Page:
Rossetti began writing down and dating her poems from 1842, mostly imitating her favoured poets. From 1847 she began experimenting with verse forms such as sonnets, hymns and ballads, drawing narratives from the bible, folk takes and the lives of the saints. Her early pieces often feature meditations on death and loss, in the Romantic tradition. She published her first poem, which appeared in the Athenaeum, in 1848 when she was 18. Under the pen-name "Ellen Alleyne", she contributed to the literary magazine, The Germ, published by the Pre-Raphaelites from January - April 1850 and edited by her brother William. This marked the beginning of her public career.
Her most famous collection, Goblin Market and Other Poems, appeared in 1862, when she was 31. It received widespread critical praise, establishing her as the main female poet of the time. Hopkins, Swinburne and Tennyson lauded her work. and with the death of Elizabeth Barrett Browning in 1861 Rossetti was hailed as her natural successor. The title poem is one of Rossetti's best known works. Although it is ostensibly about two sisters' misadventures with goblins, critics have interpreted the piece in a variety of ways: seeing it as an allegory about temptation and salvation; a commentary on Victorian gender roles and female agency; and a work about erotic desire and social redemption. Rossetti was a volunteer worker from 1859 to 1870 at the St. Mary Magdalene "house of charity" in Highgate, a refuge for former prostitutes and it is suggested Goblin Market may have been inspired by the "fallen women" she came to know. There are parallels with Coleridge's The Rime of the Ancient Mariner given both poems' religious themes of temptation, sin and redemption by vicarious suffering. She was ambivalent about women's suffrage, but many scholars have identified feminist themes in her poetry. She was opposed to slavery (in the American South), cruelty to animals (in the prevalent practice of animal experimentation), and the exploitation of girls in under-age prostitution.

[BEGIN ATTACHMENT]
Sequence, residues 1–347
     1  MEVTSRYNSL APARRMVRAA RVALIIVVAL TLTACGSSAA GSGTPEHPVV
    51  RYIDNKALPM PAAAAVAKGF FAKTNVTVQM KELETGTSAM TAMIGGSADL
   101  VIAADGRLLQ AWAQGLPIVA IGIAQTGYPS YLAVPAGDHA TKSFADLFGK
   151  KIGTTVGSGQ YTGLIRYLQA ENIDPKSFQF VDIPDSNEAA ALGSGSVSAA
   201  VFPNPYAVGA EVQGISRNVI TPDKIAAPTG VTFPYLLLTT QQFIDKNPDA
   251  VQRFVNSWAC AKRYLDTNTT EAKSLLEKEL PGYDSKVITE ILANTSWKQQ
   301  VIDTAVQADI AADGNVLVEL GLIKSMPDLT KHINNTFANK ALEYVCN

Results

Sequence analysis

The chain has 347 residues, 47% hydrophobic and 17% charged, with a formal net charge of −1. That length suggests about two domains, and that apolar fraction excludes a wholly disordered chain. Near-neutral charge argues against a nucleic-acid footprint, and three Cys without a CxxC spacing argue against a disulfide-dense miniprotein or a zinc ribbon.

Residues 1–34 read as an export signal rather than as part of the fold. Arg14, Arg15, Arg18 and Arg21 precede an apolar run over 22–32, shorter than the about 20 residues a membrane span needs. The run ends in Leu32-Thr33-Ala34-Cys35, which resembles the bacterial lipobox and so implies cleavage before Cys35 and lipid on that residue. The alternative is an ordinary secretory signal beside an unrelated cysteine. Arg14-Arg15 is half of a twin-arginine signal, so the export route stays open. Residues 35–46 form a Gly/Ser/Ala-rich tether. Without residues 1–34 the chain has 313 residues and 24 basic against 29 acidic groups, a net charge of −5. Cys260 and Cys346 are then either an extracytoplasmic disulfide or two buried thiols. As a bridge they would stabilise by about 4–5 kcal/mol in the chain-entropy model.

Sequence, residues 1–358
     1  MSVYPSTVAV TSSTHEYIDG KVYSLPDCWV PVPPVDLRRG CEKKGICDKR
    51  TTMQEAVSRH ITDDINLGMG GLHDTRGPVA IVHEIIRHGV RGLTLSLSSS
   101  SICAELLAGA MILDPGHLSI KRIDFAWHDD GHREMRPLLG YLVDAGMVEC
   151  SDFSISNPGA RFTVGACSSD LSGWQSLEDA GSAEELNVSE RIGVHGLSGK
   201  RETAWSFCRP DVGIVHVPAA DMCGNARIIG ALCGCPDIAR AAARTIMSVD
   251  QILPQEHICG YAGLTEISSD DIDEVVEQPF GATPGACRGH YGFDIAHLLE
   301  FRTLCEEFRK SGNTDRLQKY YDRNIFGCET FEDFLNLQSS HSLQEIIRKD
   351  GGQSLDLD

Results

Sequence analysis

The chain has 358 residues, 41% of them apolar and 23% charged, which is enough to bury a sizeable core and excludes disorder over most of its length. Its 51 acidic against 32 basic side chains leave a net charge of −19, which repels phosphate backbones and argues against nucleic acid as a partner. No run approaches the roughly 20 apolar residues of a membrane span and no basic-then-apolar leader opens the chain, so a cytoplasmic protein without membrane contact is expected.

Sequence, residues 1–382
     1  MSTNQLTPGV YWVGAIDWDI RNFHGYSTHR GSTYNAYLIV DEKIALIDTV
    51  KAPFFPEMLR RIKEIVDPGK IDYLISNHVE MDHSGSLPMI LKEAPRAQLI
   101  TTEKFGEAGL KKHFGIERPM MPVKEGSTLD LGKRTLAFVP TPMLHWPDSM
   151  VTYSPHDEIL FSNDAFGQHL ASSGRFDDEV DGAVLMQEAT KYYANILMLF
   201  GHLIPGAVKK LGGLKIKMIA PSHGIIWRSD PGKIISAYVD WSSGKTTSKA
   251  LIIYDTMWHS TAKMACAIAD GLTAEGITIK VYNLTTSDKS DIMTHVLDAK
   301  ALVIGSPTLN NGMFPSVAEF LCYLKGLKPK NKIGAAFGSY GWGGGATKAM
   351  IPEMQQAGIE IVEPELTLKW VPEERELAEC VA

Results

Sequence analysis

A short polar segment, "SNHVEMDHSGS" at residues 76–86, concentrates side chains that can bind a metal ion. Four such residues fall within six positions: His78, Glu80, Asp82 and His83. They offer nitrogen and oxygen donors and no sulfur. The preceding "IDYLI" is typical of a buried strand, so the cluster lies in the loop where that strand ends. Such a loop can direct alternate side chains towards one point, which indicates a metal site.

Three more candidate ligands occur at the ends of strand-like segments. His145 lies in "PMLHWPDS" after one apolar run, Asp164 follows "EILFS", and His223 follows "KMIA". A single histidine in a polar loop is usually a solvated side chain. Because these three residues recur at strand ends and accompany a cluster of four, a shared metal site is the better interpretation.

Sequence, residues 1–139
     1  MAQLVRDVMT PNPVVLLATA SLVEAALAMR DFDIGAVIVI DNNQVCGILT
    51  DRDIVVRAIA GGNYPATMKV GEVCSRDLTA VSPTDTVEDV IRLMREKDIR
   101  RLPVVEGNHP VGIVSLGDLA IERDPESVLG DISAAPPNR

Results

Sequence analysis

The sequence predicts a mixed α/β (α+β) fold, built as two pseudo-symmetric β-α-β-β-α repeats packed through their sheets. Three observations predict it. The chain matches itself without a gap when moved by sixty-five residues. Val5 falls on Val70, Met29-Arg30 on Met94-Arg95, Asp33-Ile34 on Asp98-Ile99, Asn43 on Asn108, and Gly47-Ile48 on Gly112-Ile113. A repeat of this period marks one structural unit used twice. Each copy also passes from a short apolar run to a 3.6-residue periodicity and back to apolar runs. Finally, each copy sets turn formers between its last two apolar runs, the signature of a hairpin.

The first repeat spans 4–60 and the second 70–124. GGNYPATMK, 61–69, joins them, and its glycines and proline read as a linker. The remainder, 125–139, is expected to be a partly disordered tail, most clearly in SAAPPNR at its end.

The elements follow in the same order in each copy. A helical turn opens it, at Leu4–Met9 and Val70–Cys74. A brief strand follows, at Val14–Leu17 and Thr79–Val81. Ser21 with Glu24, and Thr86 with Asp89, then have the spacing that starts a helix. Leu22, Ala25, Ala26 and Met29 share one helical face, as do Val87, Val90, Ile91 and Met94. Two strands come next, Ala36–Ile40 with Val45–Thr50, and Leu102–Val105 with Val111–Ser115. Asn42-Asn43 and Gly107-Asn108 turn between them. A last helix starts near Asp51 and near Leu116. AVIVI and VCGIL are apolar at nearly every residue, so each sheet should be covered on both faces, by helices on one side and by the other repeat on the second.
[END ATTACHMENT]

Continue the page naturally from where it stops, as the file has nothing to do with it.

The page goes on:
Rossetti maintained a very large circle of friends and correspondents and continued to write and publish for the rest of her life, primarily focusing on devotional writing and children's poetry. In 1892, Rossetti wrote The Face of the Deep, a book of devotional prose, and oversaw the production of a new and enlarged edition of Sing-Song, published in 1893.
In the later decades of her life, Rossetti suffered from Graves Disease, diagnosed in 1872 suffering a nearly fatal attack in the early 1870s. In 1893, she developed breast cancer and though the tumour was removed, she suffered a recurrence in September 1894. She died the following year on 29 December 1894 and was buried in Highgate Cemetery.
Although Rossetti's popularity during her lifetime did not approach that of Elizabeth Barrett Browning, her standing remained strong after her death. In the early 20th century Rossetti's popularity faded in the wake of Modernism. Scholars began to explore Freudian themes in her work, such as religious and sexual repression, reaching for personal, biographical interpretations of her poetry. In the 1970s academics began to critique her work again, looking beyond the lyrical Romantic sweetness to her mastery of prosody and versification. Feminists held her as symbol of constrained female genius, placed as a leader of 19th century poets. Her work strongly influenced the work of such writers as Ford Madox Ford, Virginia Woolf, Gerard Manley Hopkins, Elizabeth Jennings, and Phillip Larkin. Critic Basil de Selincourt stated that she was "all but our greatest woman poet … incomparably our greatest craftswoman … probably in the first twelve of the masters of English verse".